The share of the world's population age 15 or older who report giving money or time to charity or helping a stranger continued to grow in 2016, an annual report from the finds.
According to the 2016 edition of the (48 pages, PDF), 51.4 percent of the 148,000 people surveyed in 140 countries reported helping a stranger in the past month, up from 49.2 percent in 2015. The global share of those who donated money to or volunteered for a charity also rose slightly, to 31.4 percent and 21.6 percent, up from 31.3 percent and 21 percent in 2015.
The index ranked Myanmar, where 63 percent of survey respondents said they had helped a stranger in the past month, 91 percent gave to charity, and 55 percent volunteered their time, as the most generous country, followed by the United States (73 percent, 63 percent, and 46 percent, respectively) and Australia (68 percent, 73 percent, and 40 percent). The highest percentages of people who said they had helped a stranger, however, were found in areas of conflict, including Iraq (81 percent), Libya (79 percent), and Somalia (77 percent), suggesting that increasingly fragile civil societies coupled with greater need may be encouraging more people to help others out of sheer necessity. The report also found that, among continents, Africa saw the largest increase in the index's overall generosity score.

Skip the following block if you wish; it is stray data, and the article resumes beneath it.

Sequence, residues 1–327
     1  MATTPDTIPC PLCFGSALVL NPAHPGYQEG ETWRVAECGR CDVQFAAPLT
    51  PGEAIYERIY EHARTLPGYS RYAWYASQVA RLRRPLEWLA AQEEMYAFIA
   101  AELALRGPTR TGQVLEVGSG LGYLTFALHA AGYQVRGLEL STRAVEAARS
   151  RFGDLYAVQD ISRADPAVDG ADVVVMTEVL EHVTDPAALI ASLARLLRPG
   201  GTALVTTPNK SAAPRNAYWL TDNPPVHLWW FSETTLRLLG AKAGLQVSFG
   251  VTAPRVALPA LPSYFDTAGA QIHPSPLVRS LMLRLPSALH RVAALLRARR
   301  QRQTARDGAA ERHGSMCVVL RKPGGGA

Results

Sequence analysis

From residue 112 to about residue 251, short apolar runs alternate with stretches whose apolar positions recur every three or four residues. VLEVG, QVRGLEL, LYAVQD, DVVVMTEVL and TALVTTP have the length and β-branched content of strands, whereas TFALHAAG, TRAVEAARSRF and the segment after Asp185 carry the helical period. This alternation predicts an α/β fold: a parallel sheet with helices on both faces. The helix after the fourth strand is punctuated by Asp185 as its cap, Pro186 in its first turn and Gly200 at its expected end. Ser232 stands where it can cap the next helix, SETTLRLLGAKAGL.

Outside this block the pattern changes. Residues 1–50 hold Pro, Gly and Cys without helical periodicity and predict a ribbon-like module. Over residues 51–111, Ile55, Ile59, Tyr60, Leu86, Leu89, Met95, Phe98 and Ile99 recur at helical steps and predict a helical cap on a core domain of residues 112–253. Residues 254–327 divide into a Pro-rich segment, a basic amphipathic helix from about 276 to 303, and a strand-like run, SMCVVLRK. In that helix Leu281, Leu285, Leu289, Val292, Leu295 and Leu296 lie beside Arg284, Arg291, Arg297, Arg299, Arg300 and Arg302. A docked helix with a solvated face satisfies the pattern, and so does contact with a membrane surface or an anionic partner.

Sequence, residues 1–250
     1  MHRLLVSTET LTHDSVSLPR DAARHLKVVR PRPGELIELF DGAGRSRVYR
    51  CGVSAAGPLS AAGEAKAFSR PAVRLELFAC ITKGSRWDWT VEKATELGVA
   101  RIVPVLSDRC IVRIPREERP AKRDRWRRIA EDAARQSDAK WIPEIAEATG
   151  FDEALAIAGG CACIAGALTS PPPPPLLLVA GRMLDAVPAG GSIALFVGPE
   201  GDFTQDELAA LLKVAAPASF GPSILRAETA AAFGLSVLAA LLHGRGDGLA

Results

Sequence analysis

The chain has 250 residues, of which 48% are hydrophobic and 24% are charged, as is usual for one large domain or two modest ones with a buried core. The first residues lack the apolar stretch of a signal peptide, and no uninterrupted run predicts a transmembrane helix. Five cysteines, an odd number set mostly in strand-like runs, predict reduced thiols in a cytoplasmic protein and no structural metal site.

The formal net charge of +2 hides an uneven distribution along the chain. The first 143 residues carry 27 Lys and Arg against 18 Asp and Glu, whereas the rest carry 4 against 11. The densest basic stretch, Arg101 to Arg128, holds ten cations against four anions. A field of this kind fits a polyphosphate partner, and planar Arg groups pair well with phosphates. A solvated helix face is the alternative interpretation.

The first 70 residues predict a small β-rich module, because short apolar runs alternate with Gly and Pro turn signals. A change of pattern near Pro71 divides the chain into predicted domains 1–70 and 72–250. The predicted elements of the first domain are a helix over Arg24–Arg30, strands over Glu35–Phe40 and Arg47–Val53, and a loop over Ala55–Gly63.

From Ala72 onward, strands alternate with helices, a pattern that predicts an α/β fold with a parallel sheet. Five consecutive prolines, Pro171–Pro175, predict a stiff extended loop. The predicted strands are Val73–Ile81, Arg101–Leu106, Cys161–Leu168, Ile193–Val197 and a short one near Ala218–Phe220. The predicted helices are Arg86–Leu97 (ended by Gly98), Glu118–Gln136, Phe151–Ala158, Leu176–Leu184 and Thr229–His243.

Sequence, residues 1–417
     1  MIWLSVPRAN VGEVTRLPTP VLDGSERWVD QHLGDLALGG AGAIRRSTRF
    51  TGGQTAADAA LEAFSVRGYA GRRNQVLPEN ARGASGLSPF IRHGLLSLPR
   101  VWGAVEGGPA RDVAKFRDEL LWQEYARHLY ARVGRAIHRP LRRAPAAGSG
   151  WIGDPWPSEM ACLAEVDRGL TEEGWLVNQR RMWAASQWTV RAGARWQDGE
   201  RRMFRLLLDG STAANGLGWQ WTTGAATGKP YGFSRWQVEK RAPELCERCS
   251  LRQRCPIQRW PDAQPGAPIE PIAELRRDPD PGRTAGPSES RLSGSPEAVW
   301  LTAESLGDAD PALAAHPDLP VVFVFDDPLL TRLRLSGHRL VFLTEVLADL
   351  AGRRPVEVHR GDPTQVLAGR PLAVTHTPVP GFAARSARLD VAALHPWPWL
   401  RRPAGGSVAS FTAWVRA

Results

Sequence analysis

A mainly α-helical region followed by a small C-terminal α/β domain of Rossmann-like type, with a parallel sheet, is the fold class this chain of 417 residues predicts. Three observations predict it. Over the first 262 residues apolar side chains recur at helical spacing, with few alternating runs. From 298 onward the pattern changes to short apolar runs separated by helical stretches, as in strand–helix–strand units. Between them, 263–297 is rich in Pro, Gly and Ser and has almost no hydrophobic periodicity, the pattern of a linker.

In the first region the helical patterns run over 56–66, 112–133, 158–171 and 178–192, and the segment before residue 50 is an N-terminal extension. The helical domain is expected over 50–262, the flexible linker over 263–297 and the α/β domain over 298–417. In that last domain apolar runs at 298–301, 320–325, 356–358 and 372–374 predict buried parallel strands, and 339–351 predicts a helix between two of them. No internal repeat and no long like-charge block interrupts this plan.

"The generosity of people, even in countries suffering from disaster and turmoil, is truly humbling," said John Low, chief executive of the Charities Aid Foundation, an international charity that works to motivate people, companies, and society to give more effectively. "It's amazing that more than half the people in the world said they helped a stranger. In every country, people have this in-built desire to give and help others. Governments should encourage that spirit of generosity and create the environment in which a strong civil society can flourish, allowing people to reach out to those less fortunate than themselves."